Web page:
The central value for last year’s total installation costs for solar PV landed at USD 1,215/kW (about 10% higher than the weighted-average of European countries outside SEE). Assuming a 7.5% cost of capital, the range can translate to LCOE between USD 0.093/kWh and USD 0.130/kWh. For SEE, a central LCOE value of USD 0.105/kWh was calculated for 2018. It is 5% higher than the weighted-average value for other European markets.
Driven by a global trend in falling expenses for turbines and project balances, total installed costs in SEE have decreased by 19% since 2010, the findings reveal. The weighted-average value in 2018 was USD 2,030/kW, 4% higher than in European markets outside SEE.
The abundance of wind resources in the region has enabled onshore wind to become an increasingly cost-competitive source of new power generation, with suitable locations being developed in recent years, IRENA said. The weighted-average LCOE of onshore wind projects commissioned in SEE during 2018 was USD 0.069/kWh, 43% lower than for those commissioned during 2010 and the lowest since then, and 4% lower than the weighted-average for projects in other European countries.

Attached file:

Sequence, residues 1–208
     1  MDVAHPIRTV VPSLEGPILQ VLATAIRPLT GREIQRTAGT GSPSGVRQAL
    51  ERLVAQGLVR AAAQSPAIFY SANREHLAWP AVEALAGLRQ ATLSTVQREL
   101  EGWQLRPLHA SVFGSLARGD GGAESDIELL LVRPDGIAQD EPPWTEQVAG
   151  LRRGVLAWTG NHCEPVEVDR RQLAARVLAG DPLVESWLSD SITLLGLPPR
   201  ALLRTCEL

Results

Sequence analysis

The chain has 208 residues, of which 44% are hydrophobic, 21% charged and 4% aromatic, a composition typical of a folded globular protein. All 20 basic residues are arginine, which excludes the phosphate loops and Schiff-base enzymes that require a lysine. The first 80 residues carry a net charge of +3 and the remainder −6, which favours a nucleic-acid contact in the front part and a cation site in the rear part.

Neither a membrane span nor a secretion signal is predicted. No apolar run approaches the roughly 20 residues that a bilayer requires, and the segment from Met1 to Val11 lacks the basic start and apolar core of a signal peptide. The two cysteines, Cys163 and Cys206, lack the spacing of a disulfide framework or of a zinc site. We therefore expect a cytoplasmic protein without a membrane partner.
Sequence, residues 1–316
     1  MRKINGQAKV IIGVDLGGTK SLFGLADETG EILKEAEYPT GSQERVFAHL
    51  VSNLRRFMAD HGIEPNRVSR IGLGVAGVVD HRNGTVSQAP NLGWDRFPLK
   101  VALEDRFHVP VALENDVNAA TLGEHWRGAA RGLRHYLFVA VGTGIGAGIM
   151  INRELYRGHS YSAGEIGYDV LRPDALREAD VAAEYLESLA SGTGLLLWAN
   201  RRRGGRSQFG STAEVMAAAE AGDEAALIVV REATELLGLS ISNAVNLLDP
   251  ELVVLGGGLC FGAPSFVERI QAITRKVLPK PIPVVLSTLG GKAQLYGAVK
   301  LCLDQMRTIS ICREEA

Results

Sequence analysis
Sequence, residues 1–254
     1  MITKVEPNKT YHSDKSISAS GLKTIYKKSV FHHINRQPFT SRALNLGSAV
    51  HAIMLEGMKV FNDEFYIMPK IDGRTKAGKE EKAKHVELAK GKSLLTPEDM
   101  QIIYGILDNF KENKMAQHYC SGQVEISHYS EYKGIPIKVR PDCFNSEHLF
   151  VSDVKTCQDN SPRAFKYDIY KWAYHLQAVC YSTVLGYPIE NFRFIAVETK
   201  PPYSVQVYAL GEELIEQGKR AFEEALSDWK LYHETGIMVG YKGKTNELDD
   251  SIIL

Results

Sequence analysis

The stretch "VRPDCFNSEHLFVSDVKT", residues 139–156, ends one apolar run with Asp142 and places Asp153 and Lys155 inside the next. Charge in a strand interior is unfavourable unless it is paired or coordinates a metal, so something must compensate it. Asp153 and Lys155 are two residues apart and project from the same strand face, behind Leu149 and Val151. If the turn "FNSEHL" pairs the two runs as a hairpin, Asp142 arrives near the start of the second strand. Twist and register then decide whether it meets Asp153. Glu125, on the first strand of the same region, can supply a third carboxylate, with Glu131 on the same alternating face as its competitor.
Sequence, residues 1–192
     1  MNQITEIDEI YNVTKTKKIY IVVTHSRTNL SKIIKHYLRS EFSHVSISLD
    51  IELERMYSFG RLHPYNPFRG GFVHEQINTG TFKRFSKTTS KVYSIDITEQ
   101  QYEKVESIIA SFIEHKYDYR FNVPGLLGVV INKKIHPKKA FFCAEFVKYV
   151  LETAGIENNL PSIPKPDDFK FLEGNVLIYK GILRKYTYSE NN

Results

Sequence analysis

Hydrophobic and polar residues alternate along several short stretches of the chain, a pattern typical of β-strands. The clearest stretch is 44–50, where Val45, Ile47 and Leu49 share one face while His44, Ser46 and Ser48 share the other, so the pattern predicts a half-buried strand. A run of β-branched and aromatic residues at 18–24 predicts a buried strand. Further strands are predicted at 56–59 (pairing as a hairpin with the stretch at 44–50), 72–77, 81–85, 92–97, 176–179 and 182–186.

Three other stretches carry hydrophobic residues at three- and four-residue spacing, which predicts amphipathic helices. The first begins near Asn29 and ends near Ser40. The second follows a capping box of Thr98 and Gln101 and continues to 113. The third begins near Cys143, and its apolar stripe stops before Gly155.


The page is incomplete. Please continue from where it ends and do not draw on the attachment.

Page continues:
With the fall in costs for solar and wind technologies expected to continue, SEE could benefit greatly from further developing its vast potential, the global organization claimed. Both solar PV and wind generation can be even more cost effective than shown so far in this analysis, provided access to a low cost of capital becomes more prevalent in SEE, the report concludes.
Total renewable energy investment reached USD 1.49 billion in 2018
Most of the renewable energy capacity is concentrated in the EU member states of SEE, while the rest of the region has been relatively slow with such endeavors. The countries in the trade bloc benefited from the early adoption of medium-term, technology-specific targets for renewable energy and the introduction of dedicated supporting policies, the analysis indicated.